Aratus apud Hippolytus

Aratus apud Hippolytus - 10 Downloads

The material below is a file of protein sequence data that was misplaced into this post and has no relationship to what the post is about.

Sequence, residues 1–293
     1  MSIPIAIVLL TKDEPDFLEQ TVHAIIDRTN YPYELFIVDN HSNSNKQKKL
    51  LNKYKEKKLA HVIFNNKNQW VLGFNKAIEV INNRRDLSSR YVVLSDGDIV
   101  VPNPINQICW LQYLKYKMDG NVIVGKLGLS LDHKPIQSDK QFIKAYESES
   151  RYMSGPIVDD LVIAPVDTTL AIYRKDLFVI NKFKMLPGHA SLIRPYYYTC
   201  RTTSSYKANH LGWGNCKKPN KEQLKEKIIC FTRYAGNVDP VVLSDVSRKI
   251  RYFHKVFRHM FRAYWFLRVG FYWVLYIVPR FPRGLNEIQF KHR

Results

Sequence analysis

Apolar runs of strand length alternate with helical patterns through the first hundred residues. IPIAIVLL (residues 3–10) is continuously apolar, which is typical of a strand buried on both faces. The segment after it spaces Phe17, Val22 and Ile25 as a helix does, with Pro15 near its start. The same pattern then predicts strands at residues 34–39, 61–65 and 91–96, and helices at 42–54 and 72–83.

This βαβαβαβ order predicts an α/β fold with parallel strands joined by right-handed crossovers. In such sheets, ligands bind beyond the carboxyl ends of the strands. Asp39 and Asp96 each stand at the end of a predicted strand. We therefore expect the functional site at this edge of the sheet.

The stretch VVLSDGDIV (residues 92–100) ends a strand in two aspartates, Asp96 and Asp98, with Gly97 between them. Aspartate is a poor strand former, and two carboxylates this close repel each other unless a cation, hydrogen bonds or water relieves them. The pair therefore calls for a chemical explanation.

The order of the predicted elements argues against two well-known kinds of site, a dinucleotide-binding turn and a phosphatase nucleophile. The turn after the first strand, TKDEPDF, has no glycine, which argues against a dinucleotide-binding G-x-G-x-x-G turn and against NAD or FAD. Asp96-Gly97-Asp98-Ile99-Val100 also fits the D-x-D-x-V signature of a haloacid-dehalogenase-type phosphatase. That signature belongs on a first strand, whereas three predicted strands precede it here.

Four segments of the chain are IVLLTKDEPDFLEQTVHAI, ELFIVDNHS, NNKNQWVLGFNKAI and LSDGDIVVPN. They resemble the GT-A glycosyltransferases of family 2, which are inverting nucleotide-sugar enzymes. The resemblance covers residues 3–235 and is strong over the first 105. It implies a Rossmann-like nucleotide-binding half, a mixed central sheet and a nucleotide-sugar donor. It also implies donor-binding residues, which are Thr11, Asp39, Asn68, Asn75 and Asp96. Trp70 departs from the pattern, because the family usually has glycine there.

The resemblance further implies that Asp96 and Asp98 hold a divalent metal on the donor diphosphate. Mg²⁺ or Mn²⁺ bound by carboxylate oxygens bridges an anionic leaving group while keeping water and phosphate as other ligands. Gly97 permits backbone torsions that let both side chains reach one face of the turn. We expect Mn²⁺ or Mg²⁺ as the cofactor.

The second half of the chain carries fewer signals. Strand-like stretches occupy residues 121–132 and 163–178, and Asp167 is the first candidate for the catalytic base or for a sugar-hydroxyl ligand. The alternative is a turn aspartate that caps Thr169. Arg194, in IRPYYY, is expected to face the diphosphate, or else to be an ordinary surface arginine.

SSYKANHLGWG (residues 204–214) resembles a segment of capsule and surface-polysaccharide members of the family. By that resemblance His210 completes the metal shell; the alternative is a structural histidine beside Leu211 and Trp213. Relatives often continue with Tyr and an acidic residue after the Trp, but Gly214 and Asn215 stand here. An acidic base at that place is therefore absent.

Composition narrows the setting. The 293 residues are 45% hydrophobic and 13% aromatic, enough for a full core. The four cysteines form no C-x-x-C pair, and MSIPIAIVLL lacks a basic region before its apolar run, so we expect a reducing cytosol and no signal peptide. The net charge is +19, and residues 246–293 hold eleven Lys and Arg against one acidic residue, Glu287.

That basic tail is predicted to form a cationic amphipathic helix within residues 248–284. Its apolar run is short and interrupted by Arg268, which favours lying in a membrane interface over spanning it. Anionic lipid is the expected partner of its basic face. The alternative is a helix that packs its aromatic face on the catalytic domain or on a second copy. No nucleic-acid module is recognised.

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A lost work expounding Aratus apud Hippolytus (AD 170-236), Refutation of All Heresies, IV. xlvii-xlviii: — In this section of his anti-heretical treatise Hippolytus summarizes a work, now lost, which claimed to expound the real meaning of the writings of Aratus (3rd century BC), that is, of Aratus’ Phainomena (“Visible Things”) and Diosemia (“The Divine Signs”). According to this lost work, Aratus identified the constellations described in his astrological writings with figures in the Old Testament Scriptures. Its anonymous author is indicated by the words “he [that is, the author of the work] says” in Hippolytus’ summary, usually as an interpretation of the meaning of Aratus himself. Aratus was a native of Tarsus, home of the Apostle Paul, and his work was known to, and, indeed, read and used by the Apostle, as he quoted from it in his message to the elders of Athens on Mars’ Hill (Acts 19. 28): “For in Him [God, the Word] we live, and move, and have our being; as certain also of your own poets have said, For we are also His offspring.” This is the lost work as summarized by Hippolytus in the original Greek.

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